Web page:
The Great Salt Lake reached its record low in November when it dipped to 4,188.6 feet above sea level, having lost more than 70 percent of its water since 1850, according to the report published in January by researchers at Brigham Young University. As of Wednesday, however, the lake had risen three feet in a little more than five months, primarily because of snow and rain dumped directly into the lake by a season-long series of water-loaded storms. Salt Lake City has seen its seventh-snowiest season on record and among the most snow of any major U.S. city, with 87.3 inches.
The Great Salt Lake Seemed Like It Was Dying. But There’s Been a ‘Miraculous’ Shift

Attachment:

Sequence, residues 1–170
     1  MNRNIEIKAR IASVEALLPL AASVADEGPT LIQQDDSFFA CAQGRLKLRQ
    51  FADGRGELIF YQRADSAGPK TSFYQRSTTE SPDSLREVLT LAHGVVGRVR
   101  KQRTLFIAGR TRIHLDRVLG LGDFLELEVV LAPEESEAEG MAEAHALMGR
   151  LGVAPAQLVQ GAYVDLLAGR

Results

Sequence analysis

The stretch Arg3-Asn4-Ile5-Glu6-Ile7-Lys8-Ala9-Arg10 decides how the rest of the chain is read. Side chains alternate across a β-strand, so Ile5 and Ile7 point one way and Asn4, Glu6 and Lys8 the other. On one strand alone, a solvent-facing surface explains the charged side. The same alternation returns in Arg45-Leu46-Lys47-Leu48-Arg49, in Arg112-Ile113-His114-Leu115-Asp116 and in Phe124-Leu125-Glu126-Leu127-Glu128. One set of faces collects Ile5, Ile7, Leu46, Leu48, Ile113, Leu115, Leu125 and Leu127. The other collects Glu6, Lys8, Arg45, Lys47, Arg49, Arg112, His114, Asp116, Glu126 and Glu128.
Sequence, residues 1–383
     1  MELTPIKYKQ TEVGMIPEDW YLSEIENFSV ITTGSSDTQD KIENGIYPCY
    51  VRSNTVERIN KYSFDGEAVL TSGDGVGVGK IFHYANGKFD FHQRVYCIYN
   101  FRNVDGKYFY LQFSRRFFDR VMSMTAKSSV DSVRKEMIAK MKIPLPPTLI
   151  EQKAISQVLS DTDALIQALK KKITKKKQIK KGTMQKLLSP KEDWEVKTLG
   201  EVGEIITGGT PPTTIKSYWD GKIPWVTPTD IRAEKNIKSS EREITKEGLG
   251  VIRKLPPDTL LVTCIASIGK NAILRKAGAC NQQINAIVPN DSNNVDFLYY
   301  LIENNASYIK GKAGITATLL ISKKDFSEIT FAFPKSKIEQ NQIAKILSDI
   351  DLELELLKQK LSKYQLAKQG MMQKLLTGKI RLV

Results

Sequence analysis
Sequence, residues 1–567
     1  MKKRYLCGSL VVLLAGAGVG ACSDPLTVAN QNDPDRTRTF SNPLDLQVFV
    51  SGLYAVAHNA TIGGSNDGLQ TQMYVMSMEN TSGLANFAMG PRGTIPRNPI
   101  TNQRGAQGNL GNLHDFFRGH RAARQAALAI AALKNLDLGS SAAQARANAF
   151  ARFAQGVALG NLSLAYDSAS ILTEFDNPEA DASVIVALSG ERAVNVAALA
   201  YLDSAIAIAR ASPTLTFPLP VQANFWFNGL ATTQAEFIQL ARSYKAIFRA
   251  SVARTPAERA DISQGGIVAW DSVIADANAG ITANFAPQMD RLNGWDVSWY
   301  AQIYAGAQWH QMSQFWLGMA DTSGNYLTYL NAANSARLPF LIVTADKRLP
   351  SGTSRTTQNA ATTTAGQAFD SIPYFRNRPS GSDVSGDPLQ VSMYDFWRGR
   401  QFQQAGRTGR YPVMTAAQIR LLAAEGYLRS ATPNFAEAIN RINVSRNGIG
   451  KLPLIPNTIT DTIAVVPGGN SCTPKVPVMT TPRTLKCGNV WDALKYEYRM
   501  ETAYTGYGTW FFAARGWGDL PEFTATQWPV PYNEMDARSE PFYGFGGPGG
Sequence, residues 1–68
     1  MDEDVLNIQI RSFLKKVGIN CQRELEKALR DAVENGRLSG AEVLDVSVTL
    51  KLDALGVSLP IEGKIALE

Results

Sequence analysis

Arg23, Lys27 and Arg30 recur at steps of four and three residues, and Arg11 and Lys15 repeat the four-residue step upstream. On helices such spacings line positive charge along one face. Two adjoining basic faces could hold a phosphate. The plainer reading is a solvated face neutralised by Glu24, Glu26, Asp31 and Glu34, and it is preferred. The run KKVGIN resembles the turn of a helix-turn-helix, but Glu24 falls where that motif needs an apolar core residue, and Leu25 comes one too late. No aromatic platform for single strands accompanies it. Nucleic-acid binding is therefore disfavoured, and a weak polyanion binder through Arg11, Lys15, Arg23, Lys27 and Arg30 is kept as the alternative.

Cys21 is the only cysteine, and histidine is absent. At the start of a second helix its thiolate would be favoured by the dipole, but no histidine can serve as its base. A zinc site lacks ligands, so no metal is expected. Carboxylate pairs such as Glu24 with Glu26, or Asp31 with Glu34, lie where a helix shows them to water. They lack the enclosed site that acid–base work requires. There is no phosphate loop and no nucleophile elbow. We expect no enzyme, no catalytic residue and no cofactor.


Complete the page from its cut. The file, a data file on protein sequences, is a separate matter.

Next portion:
“As discussed below, the declining levels of the Great Salt Lake are primarily due to reduced inflows. Quoting the authors, “Historically, management of the Great Salt Lake watershed has prioritized human water usage over the health of the lake, with most of the river and stream water flowing toward the lake diverted for home, business and agricultural use.”
A record snowy winter has jump-started a recovery for the lake’s water level, which set at a record low in the fall
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